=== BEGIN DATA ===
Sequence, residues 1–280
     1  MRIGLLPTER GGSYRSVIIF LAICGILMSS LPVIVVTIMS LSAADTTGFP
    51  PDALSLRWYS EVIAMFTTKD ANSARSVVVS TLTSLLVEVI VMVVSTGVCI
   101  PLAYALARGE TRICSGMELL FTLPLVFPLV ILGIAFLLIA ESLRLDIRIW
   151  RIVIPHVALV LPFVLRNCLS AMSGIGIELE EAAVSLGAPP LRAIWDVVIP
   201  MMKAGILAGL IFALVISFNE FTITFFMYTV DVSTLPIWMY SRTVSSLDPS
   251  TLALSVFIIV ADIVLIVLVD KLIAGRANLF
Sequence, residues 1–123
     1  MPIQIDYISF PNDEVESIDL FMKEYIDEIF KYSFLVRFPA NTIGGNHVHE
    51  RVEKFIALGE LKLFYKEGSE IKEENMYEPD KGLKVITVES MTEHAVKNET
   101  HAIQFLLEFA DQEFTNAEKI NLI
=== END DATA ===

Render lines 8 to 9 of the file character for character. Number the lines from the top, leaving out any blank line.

Sequence, residues 1–123
     1  MPIQIDYISF PNDEVESIDL FMKEYIDEIF KYSFLVRFPA NTIGGNHVHE